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As mobile devices continue to grow in popularity and become more sophisticated, the idea of using them as thin clients is becoming increasingly appealing.
One reason mobile VDI is not all that common is because, traditionally, smartphone and tablet screens were too small and the user experience was poor. Virtual apps and desktops simply were not designed for mobile devices. As a result, users would be forced to constantly scroll around to actually see everything.
Another hurdle was connectivity. Remote users working with smartphones and tablets for mobile VDI access need a network connection, which they don't always have. In addition, users with a weak signal can run into performance issues. Mobile devices are also simply easier to lose or break than a laptop or traditional PC.
Times are changing around mobile VDI, however, and mobile devices are becoming increasingly viable thin client options because of technological advancements and changes in the market itself.
How times are changing
Tablets and smartphones have gotten bigger over the years. The iPhone 4s, for example, had a 3.5-inch screen and the iPhone X boasts a 5.8-inch screen. In addition, mobile device vendors have improved screen resolutions. The iPhone 4's screen resolution was 960 x 640 and the iPhone X comes in at 2436 x 1125.
Beyond that, desktop and application virtualization vendors have made an effort to make mobile VDI access easier. Citrix, for example, refactors apps to enable mobile device-specific features using HDX Mobile. Users can work with device features such as the camera within virtual Windows applications. VMware's Unity Touch Sidebar can help mobile users by enabling them to easily minimize windows or move between virtual apps without ever accessing the Start menu or task bar.
Vendors have also introduced digital workspace products, such as VMware Workspace One and Citrix Cloud, that bring all of a user's virtual and mobile resources, including desktops and applications, into one place while also giving IT enterprise mobility management capabilities.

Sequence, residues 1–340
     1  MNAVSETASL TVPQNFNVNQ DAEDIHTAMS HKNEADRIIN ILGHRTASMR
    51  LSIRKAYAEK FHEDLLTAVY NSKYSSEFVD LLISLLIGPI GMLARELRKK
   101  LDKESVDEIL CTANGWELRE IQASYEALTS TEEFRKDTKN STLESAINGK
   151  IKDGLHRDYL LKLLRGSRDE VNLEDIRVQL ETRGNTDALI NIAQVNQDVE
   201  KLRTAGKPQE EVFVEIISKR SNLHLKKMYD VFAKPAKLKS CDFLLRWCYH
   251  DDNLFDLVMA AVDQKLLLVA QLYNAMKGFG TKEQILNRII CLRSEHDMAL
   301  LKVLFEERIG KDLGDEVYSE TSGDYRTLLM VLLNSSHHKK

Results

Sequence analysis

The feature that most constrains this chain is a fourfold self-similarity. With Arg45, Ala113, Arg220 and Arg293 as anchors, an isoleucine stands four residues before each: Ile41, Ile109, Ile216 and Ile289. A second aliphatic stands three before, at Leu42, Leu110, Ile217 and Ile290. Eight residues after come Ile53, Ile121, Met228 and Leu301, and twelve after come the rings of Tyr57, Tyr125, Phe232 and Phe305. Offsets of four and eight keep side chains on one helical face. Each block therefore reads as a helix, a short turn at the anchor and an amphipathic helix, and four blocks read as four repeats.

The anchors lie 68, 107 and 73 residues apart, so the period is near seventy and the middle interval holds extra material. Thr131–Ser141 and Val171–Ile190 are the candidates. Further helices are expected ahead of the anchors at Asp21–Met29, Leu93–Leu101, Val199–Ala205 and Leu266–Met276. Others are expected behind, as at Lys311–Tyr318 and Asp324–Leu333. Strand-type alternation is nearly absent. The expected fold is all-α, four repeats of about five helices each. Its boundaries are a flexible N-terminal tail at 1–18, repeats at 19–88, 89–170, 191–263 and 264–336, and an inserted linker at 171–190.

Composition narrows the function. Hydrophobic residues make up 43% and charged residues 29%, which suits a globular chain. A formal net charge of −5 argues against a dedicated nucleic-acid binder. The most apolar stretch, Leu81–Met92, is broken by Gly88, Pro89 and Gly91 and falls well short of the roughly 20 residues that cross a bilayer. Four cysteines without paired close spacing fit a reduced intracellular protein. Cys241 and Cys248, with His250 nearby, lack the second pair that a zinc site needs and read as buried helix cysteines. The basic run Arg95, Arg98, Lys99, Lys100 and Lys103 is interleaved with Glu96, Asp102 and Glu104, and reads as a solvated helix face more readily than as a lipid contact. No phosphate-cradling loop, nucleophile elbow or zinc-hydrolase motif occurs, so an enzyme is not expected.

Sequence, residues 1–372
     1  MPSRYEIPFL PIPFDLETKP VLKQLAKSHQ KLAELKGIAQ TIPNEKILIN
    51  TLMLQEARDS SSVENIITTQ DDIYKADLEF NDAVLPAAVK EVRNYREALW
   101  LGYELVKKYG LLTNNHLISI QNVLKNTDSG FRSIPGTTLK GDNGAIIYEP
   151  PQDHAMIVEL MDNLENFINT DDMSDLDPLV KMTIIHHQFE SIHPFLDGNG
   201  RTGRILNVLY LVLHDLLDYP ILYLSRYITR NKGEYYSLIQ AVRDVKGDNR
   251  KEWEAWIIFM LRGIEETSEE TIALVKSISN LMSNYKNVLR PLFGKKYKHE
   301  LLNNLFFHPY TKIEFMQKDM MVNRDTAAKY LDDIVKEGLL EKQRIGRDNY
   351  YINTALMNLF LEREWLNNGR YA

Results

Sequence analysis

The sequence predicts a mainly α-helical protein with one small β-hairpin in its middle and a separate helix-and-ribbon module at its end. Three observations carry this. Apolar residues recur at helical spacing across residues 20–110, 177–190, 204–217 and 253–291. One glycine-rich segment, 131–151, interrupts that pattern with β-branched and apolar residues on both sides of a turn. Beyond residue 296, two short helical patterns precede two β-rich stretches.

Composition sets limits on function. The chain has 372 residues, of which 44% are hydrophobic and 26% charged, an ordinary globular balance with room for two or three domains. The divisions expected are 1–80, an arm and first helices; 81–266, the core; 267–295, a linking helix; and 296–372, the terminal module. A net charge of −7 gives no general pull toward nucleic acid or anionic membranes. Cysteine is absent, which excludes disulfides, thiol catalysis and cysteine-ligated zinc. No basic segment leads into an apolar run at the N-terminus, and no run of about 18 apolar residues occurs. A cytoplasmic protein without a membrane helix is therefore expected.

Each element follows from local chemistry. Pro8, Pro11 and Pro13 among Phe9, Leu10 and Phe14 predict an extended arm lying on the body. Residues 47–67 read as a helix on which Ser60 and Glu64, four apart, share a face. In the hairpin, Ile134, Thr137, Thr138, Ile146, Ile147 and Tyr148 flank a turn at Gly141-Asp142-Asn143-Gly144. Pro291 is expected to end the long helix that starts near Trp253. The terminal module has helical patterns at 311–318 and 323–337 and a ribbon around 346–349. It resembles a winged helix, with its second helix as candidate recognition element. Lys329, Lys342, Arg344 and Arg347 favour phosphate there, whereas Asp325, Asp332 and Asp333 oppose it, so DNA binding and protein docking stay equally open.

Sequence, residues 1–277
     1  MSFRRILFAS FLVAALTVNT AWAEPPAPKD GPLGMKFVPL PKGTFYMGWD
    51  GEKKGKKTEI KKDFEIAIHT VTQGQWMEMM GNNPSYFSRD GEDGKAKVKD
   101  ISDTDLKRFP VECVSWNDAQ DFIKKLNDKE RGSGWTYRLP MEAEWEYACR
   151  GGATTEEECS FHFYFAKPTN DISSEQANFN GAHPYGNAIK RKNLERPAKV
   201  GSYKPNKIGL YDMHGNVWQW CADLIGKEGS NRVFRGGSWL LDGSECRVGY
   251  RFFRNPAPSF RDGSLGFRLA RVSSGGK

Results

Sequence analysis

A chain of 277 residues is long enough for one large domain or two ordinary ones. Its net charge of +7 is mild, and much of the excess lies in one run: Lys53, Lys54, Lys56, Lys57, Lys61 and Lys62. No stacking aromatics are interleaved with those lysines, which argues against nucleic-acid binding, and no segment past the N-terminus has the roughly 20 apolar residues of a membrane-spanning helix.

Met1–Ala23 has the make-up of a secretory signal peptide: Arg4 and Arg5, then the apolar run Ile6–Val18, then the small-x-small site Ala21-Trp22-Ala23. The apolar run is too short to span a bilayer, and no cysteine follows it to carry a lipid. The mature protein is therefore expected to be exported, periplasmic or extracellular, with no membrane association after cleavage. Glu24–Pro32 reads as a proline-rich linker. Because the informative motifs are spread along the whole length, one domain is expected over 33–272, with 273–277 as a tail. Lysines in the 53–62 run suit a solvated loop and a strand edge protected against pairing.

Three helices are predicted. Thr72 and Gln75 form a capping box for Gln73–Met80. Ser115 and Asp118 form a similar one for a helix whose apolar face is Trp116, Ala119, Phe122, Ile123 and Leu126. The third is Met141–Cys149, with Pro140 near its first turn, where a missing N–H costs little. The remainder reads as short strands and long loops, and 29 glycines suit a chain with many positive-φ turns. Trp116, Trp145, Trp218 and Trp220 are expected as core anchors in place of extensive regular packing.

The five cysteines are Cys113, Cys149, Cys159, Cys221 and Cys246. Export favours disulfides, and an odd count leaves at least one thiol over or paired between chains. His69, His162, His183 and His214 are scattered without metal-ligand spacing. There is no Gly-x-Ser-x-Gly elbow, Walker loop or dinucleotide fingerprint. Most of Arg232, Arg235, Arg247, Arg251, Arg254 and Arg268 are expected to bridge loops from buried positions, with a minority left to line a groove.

Device manufacturers are also hopping on board the mobile VDI train. Samsung's DeX dock, for example, allows users working with the Galaxy S8, S8+, Note 8 or Note 9 to display a desktop version of Google Android on a monitor. The user can then work with his mouse, keyboard and other peripherals as he would on a normal PC. Windows 10 Mobile devices can also cast a virtual desktop or app to a traditional monitor using a USB 3 port or wirelessly via Windows Continuum.
When it comes to connectivity concerns, most mobile devices now feature 4G, and more locations than ever offer Wi-Fi, making it increasingly uncommon for mobile VDI users to run into connection troubles.
Browser-based clients can also make mobile devices as thin clients a reality. All users need is a browser and they can access virtual desktops and apps regardless of the devices or OSes they work with. Browser-based clients simplify management for IT professionals who only have to update the browser rather than users' devices.
Adaptive transport helps the display protocol adjust to connection errors and lag before they affect the user by using an algorithm to predict when problems will occur based on the strength of the network. This should create a more consistent user experience even if the user is working on a slower connection, such as 3G.
VMware built Blast Extreme, which is based on the HTML Access protocol, with mobile devices in mind. The protocol uses graphics processing units rather than CPU to process graphics, which puts less strain on a mobile device's battery. In addition, Blast Extreme uses the H.264 video format, which helps it integrate directly with mobile devices.